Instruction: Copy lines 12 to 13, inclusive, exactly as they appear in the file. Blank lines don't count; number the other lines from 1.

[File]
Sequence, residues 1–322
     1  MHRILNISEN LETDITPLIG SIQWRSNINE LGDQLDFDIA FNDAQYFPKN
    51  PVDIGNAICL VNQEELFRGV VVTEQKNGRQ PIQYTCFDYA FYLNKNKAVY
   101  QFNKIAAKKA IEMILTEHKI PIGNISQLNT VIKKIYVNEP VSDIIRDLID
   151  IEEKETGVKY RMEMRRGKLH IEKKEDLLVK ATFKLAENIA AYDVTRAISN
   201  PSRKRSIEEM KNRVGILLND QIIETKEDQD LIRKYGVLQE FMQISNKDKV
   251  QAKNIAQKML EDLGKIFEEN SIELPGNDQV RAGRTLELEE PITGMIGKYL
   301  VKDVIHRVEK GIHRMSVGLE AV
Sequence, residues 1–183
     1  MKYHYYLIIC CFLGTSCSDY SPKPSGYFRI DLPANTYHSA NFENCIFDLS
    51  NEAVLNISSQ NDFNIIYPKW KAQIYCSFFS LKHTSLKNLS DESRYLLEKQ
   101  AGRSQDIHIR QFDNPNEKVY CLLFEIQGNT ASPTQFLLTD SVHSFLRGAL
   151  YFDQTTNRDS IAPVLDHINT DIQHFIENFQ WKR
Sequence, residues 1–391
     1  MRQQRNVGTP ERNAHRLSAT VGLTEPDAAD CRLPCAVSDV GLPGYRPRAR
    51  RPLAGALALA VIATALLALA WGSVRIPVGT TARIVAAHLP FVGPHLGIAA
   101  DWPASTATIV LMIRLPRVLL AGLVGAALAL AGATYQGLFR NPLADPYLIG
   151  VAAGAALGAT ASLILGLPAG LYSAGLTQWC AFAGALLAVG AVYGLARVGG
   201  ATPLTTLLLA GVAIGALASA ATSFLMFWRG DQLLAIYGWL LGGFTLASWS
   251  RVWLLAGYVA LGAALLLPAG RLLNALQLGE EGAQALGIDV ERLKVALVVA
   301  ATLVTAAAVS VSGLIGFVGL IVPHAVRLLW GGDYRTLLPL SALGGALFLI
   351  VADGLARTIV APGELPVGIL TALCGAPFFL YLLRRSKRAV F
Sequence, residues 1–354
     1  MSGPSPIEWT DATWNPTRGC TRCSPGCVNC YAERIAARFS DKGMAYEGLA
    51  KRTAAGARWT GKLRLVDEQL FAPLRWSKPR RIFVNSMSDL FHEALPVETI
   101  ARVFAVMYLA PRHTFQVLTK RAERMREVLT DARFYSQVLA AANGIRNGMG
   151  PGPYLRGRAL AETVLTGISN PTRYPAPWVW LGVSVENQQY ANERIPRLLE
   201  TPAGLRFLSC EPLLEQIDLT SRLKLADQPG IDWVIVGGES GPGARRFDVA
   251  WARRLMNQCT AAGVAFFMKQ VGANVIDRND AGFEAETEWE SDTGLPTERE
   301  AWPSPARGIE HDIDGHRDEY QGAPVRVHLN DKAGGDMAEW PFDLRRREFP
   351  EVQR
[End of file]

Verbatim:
   101  AGRSQDIHIR QFDNPNEKVY CLLFEIQGNT ASPTQFLLTD SVHSFLRGAL
   151  YFDQTTNRDS IAPVLDHINT DIQHFIENFQ WKR